Chapter 55. Spinal Muscular Atrophies

  1. Robert P. Lisak MD, FAAN, FRCP Parker Webber Chair Professor Chair Neurologist-in-Chief Chief3,4,
  2. Daniel D. Truong MD, FAAN Head5,
  3. William M. Carroll MBBS, MD, FRACP, FRCP(E) Head6 and
  4. Roongroj Bhidayasiri MD, FRCP Director7,8
  1. Sabine Rudnik-Schöneborn MD, PhD Professor1 and
  2. Klaus Zerres MD Head2

Published Online: 18 MAY 2010

DOI: 10.1002/9781444317008.ch55

International Neurology: A Clinical Approach

International Neurology: A Clinical Approach

How to Cite

Rudnik-Schöneborn, S. and Zerres, K. (2009) Spinal Muscular Atrophies, in International Neurology: A Clinical Approach (eds R. P. Lisak, D. D. Truong, W. M. Carroll and R. Bhidayasiri), Wiley-Blackwell, Oxford, UK. doi: 10.1002/9781444317008.ch55

Editor Information

  1. 3

    Wayne State University School of Medicine, Detroit, MI, USA

  2. 4

    Detroit Medical Center, Harper University Hospital, Detroit, MI, USA

  3. 5

    The Parkinson and Movement Disorder Institute, Memorial Neuroscience Institute, Orange Coast Memorial Medical Center, Fountain Valley, CA, USA

  4. 6

    Sir Charles Gairdner Hospital, Nedlands, Perth, Australia

  5. 7

    Chulalongkorn Comprehensive Movement Disorders Center, Chulalongkorn University Hospital, Bangkok, Thailand

  6. 8

    University of California at Los Angeles, School of Medicine, Los Angeles, CA, USA

Author Information

  1. 1

    Medical Faculty, Institute of Human Genetics, University Hospital RWTH, Aachen, Germany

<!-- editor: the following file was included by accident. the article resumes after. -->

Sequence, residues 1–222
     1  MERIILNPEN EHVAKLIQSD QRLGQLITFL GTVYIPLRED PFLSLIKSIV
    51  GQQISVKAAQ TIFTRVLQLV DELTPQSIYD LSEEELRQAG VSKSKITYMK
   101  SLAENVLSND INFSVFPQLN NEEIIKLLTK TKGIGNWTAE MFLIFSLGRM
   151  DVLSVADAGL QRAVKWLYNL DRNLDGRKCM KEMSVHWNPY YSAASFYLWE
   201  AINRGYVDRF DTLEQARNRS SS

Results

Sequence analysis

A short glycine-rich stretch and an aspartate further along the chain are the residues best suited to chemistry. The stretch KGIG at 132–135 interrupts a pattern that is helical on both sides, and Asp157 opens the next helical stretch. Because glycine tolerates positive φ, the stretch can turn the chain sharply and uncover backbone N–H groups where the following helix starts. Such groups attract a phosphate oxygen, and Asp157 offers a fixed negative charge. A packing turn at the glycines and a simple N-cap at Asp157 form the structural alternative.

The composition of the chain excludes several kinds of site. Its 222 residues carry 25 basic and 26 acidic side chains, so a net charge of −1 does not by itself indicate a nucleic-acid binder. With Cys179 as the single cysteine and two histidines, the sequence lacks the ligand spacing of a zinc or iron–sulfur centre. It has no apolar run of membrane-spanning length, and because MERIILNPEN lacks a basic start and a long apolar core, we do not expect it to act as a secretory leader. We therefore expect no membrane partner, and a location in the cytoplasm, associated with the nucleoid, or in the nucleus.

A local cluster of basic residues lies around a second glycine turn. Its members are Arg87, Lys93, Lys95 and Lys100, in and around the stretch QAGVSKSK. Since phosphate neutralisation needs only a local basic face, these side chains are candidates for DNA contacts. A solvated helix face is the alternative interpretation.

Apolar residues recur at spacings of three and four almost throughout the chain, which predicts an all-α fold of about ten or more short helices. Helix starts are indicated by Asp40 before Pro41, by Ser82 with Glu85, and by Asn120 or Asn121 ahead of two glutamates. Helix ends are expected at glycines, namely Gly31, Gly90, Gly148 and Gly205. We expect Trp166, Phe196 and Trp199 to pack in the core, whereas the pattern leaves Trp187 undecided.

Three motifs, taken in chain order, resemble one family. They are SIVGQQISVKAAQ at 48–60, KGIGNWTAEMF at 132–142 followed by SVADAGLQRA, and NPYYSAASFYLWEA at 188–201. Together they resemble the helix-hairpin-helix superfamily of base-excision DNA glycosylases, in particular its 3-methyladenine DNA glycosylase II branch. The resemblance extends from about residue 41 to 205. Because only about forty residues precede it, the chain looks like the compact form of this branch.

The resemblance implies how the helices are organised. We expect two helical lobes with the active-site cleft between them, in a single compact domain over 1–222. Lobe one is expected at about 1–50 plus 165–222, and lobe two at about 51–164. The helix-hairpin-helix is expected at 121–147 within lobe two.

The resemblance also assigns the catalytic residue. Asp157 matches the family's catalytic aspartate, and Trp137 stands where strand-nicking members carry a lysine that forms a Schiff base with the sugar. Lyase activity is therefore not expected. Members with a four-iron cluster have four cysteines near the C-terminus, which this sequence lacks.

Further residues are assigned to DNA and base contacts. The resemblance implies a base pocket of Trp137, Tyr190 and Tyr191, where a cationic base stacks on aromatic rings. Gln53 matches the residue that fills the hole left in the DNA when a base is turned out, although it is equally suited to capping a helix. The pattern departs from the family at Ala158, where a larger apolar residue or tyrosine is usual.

2. 2

    Institute for Human Genetics, RWTH, Aachen University, Aachen, Germany

Publication History

  1. Published Online: 18 MAY 2010
  2. Published Print: 11 SEP 2009

ISBN Information

Print ISBN: 9781405157384

Online ISBN: 9781444317008

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Keywords:

  • spinal muscular atrophies;
  • spinal muscular atrophy (SMA), comprising clinically and genetically heterogeneous group of diseases characterized by degeneration;
  • classification of spinal muscular atrophies;
  • proximal SMAs, divided into autosomal recessive and rare autosomal dominant types;
  • SMA, primarily a disease of anterior horn cells;
  • serum creatine kinase (SCK) activity - normal or only mildly elevated;
  • infantile- and juvenile-onset proximal SMAs (SMA types I–III) - caused by defects of SMN1 gene on chromosome 5q13;
  • SMA type IV (adult SMA) - comprising clinically and genetically heterogeneous condition;
  • spinobulbar neuronopathy type Kennedy - pronounced muscle cramps and fasciculations;
  • scapuloperoneal SMA - variable, affecting foot and toe extensors first

Summary

This chapter contains sections titled:

  • Introduction

  • Epidemiology

  • Clinical features and investigations

  • Further reading